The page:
The fourth largest producer in the world, Australia’s wines can easily be sampled after a visit to the local supermarket but there are plenty of reasons to get closer to the source and head down under for a wine tour.
Both working travellers and tourists will benefit in looking for cheap Australian holidays to enrich either their palette or their pocket in the antipodean nation’s best wine regions.
Barossa Valley, South Australia
The square spires of the Lutheran churches sprinkled throughout the landscape of the Barossa Valley are a testament to the region’s strong German heritage. These German settlers bought their wine making skills with them when they fled from persecution in their homeland in the 1840s. Jacobs Creek, Yalumba and Wolf Blass are among the most famous names produced here. Harvest time is from late February to late April.
Riverland, South Australia
Riverland’s 1,300 vineyards and farms grow half of Australia’s grapes, that are then sent on to the large wine companies in other parts of Australia to produce exported ‘critter wine’ – the term given to labels inspired by indigenous animals. Working travellers should arrive in mid February for a month’s harvest employment.
The four to six week long harvest in Mildura supplies 80 per cent of Victoria’s grape production.12,000 workers are needed during this time to bring in the crops while other harvests, particularly citrus and vegetables also attract fruit picking labour the rest of the year. Many farmers in the area can be relied on to provide accommodation to workers.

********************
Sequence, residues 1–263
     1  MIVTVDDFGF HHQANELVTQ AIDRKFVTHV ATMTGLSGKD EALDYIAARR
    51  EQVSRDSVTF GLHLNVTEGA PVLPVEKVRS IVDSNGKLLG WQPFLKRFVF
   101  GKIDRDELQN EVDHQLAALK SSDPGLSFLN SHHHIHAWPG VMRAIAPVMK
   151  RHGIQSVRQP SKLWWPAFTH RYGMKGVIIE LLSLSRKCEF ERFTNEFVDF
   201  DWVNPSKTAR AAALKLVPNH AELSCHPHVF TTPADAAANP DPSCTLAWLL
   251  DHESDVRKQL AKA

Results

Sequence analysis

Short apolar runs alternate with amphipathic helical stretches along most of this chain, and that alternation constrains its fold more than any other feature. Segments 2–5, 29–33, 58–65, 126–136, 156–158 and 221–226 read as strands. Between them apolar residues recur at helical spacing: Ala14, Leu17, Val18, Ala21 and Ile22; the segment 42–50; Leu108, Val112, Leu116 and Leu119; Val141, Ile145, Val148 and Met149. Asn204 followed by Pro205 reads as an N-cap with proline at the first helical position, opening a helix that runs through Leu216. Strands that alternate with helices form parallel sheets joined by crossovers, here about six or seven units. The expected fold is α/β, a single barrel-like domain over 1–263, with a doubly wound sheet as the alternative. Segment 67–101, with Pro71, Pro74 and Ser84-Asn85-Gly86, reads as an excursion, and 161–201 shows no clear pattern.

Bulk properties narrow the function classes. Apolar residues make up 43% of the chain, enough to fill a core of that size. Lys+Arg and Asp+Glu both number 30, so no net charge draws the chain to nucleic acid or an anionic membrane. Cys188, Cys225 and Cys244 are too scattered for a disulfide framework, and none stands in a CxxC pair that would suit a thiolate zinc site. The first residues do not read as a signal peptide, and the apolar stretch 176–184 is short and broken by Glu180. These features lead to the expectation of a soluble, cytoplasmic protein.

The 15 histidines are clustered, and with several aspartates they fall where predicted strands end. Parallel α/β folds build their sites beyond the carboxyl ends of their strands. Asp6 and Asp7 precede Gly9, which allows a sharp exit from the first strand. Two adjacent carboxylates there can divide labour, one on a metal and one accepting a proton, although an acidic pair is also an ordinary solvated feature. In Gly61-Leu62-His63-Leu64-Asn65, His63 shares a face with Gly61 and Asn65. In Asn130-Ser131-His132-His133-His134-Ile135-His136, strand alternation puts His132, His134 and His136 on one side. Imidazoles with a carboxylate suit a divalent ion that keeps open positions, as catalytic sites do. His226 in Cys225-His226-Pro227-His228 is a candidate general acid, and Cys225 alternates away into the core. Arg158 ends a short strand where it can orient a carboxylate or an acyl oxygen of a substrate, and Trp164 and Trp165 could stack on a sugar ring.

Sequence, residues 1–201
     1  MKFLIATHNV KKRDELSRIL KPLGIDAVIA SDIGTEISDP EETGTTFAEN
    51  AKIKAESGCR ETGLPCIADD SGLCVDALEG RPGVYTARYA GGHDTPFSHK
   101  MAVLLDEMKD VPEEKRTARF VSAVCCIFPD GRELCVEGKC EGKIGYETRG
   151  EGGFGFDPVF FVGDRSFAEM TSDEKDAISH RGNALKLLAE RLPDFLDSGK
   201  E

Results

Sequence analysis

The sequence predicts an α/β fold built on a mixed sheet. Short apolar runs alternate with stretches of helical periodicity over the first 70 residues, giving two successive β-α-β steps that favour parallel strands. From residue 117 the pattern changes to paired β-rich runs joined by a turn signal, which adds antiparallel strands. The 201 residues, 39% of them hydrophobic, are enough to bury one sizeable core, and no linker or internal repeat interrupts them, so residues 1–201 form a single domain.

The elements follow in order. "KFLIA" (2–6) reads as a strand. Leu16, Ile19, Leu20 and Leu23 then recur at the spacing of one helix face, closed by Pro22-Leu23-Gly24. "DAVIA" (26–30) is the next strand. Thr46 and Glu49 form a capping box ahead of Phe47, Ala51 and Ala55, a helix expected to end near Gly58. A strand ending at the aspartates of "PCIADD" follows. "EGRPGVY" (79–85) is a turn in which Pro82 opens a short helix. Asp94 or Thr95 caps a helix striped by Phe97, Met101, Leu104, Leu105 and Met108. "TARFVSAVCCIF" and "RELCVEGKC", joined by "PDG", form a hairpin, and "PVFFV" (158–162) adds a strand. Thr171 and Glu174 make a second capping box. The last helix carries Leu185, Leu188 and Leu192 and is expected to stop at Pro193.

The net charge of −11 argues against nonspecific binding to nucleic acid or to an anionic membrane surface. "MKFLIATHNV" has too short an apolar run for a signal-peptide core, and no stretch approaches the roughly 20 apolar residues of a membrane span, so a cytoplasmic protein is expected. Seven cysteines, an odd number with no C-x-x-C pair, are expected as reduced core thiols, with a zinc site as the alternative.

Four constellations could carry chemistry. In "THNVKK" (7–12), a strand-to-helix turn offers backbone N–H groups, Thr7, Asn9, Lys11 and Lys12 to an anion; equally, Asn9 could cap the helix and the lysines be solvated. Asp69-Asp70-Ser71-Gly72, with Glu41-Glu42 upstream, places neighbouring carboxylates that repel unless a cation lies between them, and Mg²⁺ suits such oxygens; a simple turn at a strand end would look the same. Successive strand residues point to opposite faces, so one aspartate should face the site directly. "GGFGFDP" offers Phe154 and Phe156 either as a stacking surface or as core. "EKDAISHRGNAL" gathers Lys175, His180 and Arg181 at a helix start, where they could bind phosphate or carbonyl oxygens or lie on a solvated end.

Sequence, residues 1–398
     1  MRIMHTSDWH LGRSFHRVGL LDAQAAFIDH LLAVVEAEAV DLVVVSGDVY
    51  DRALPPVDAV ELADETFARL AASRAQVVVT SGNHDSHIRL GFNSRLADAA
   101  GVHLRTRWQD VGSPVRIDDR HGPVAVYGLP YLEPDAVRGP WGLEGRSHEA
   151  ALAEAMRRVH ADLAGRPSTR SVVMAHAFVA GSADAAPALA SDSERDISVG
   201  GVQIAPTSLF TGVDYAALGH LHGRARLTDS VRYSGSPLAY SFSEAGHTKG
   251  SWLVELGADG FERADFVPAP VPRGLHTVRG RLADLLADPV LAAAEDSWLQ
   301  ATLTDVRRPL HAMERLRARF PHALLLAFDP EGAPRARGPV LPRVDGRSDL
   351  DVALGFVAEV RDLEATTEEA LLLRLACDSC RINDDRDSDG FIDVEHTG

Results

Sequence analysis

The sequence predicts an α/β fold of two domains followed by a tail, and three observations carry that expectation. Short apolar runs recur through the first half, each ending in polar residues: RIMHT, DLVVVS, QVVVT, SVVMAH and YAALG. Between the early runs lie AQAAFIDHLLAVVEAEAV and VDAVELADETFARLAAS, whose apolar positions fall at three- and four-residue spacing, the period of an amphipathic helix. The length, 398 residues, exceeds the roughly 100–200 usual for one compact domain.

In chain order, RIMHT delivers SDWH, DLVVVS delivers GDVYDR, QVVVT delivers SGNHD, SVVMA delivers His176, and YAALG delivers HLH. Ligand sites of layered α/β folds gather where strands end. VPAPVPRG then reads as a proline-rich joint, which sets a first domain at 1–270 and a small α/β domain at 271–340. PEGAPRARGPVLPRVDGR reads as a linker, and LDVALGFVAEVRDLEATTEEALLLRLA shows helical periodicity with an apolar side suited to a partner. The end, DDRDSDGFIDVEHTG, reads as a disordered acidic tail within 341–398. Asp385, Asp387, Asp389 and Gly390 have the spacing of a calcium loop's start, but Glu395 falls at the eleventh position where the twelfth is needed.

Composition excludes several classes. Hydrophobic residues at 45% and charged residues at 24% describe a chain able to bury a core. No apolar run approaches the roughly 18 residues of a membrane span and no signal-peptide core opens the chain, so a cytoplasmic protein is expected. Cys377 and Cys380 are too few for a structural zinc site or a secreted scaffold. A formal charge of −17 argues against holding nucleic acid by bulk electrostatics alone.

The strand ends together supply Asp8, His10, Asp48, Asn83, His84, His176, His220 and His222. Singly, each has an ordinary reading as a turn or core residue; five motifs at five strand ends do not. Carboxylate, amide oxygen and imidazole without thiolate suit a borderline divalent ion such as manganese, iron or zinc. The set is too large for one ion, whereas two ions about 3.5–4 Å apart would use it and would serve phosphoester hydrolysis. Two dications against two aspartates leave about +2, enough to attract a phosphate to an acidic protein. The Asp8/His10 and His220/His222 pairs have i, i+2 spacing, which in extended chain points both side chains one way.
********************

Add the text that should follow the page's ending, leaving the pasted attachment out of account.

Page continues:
Hunter Valley, New South Wales
The Hunter grape harvest is one of Australia’s latest usually scheduled to begin in late March and run to late April. Ever since James Busby, the father of Australian wine, planted some of the first vines in 1825 most Hunter wine has been drunk in Sydney, less than a hundred miles away. The Hunter Valley is most famous for its Semillon.
Riverina, New South Wales
The largest wine producing area in New South Wales (and second in Australia), the alluvial soils surrounding the cities of Wagga Wagga, Griffith and Albury have helped many working travellers top up their travel funds. Italian immigrants added their expertise to the area’s fledgling wine industry after World War Two while the Murrin Bridge Aboriginal community produced Australia’s first indigenous produced label in 2001.
Margaret River Valley, Western Australia
Wine tourism in Margaret River got off to a grand start in 1985 when the London Philharmonic Orchestra were invited to perform in the vineyard of the Leeuwin Estate. This annual event has since seen performances by Shirley Bassey and Ray Charles. The area’s wines are also promoted each April at the Margaret River Wine Region. Working travellers should turn up a few months earlier to help bring in the grape harvest from February to April and perhaps stick around for winter pruning jobs in July and August. Back to tourism and the chocolate and fudge factories are two more reasons to visit the region.